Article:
I can imagine what fun you had Myrtle. We used to turn a bench upside down and get the teachers to walk along the upside down bench with glasses or a pair of binoculars so they couldn't judge the end of the bench so they had some inclination of what it was like for the children who had no idea of their position in space.
We'd also get them to copy some symmetrical shapes with the use of mirrors. The look of perplexity on their face when their brain was telling them one thing but they needed to go the opposite way to what their natural inclination was could crease you up sometimes.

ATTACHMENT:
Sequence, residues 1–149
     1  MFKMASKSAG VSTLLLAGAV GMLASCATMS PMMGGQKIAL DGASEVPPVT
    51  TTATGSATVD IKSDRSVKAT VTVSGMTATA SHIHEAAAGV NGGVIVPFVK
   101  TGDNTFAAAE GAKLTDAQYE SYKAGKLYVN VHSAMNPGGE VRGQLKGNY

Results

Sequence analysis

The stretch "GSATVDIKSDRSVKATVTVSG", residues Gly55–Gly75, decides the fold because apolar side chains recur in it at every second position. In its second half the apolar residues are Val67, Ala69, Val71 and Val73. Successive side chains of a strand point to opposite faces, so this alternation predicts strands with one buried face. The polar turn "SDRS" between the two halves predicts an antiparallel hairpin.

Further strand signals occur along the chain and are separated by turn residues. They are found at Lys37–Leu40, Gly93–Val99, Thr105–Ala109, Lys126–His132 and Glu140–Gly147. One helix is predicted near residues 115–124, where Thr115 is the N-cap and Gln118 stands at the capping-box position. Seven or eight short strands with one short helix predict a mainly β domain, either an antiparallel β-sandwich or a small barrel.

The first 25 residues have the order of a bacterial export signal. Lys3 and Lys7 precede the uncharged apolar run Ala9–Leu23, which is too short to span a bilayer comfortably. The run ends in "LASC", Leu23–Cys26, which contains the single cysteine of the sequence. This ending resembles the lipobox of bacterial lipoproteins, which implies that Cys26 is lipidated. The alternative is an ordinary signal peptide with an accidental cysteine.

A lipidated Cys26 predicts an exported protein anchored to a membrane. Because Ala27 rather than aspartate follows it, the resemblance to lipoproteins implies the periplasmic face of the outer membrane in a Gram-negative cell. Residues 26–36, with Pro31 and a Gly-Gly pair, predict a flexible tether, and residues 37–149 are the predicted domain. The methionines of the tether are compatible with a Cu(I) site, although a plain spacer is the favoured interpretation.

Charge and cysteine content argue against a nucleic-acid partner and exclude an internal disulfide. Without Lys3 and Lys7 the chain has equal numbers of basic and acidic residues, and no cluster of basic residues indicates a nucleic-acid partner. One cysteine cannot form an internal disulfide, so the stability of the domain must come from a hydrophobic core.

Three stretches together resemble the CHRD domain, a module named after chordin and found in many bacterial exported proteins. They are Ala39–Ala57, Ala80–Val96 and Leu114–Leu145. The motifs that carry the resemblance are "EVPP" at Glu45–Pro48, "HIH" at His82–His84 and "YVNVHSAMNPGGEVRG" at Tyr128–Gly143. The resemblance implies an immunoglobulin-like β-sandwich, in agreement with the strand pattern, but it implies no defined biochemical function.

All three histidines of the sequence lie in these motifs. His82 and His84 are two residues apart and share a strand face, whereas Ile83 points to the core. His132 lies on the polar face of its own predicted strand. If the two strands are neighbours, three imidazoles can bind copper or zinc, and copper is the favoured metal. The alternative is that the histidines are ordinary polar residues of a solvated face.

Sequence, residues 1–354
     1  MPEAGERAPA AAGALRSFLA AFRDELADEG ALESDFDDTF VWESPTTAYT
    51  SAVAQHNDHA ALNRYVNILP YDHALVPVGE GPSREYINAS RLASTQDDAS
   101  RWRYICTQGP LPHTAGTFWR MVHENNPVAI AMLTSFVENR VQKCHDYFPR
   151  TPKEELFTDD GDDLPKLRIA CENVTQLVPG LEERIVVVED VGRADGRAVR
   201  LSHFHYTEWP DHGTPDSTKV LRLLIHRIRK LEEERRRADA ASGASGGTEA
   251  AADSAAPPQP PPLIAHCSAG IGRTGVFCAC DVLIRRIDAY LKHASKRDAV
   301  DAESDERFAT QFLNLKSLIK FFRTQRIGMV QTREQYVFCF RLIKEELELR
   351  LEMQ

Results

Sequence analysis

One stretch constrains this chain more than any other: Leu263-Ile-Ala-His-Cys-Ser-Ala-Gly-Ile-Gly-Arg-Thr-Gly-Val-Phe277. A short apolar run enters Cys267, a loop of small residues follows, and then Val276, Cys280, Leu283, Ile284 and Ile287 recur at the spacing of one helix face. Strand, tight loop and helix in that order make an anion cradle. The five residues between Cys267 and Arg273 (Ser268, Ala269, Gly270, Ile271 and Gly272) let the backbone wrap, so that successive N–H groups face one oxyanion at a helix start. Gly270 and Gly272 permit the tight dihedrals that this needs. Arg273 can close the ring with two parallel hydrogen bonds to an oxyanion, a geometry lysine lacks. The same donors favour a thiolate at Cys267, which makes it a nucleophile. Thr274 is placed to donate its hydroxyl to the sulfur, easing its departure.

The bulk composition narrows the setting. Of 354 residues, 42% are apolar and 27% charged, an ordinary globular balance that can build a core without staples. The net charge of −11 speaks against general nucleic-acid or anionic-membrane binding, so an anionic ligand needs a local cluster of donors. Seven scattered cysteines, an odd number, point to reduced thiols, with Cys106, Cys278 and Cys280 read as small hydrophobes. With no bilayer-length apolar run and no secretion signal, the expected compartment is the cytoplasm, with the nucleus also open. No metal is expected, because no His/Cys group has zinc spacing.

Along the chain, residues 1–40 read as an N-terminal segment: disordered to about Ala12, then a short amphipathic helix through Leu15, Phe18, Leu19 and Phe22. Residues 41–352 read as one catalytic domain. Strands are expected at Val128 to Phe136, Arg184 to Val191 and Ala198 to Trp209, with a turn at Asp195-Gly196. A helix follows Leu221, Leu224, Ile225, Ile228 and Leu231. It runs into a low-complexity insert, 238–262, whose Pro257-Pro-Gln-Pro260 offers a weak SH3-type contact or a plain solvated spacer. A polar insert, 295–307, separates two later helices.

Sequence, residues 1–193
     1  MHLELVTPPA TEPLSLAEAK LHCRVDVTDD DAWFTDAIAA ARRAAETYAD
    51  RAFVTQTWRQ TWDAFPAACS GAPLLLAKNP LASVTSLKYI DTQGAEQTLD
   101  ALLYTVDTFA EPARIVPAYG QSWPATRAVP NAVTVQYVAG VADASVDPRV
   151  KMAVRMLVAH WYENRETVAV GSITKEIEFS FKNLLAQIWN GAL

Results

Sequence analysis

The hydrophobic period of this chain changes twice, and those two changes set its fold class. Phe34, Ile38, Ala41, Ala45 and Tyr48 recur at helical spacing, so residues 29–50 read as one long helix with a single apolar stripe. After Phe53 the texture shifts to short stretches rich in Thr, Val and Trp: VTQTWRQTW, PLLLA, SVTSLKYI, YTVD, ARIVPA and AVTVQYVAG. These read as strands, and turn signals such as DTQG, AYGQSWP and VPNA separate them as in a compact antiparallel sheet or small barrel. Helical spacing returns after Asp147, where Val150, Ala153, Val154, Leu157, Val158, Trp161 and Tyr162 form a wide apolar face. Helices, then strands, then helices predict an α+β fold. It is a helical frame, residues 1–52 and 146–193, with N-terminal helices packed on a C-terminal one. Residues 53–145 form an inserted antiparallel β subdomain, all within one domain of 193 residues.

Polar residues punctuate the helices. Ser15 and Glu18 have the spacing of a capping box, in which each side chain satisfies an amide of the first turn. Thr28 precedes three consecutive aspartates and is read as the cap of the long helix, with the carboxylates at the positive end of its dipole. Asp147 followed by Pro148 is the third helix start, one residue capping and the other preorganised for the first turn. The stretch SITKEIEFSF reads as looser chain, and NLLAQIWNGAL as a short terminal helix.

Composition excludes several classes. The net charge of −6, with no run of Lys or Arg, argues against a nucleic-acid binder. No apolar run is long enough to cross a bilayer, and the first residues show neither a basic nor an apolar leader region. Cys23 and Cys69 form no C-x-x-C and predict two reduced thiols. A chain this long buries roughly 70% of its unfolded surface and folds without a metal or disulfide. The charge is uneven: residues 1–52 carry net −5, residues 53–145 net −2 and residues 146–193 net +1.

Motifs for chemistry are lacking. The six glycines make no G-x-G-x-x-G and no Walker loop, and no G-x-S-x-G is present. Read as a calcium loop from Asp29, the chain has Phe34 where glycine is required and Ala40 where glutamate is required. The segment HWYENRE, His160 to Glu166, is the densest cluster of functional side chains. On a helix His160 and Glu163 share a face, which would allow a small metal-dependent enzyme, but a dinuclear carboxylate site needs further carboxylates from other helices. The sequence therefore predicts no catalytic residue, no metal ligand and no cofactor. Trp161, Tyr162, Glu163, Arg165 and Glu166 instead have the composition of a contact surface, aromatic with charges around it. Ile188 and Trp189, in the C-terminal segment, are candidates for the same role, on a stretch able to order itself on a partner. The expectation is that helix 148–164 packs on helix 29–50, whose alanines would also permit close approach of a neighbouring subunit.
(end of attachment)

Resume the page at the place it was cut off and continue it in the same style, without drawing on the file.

My son was once punished and kept in at playtime for walking into a table and knocking a jigsaw onto the floor. After the teacher went on one of the Dyspraxia courses she actually apologised. Bit late in the day but good that they might stop and think in future. My son who has double vision, hypermobility, dyspraxia and many other conditions was accused of deliberately walking into things. So annoying. He was SEN 5 and had a statement which included someone to dress him and undress him amongst other things and the teacher had told me that they didn't have time for the staff member who was employed soley to support my son to help my son if he couldn't be bothered to learn how to put his shoes on the right feet etc. It was a complete revelation when this member of staff attended the course at the teacher training centre. I asked the staff on duty as I wasn't there at the time to make sure they took a little extra time with the staff from my son's school.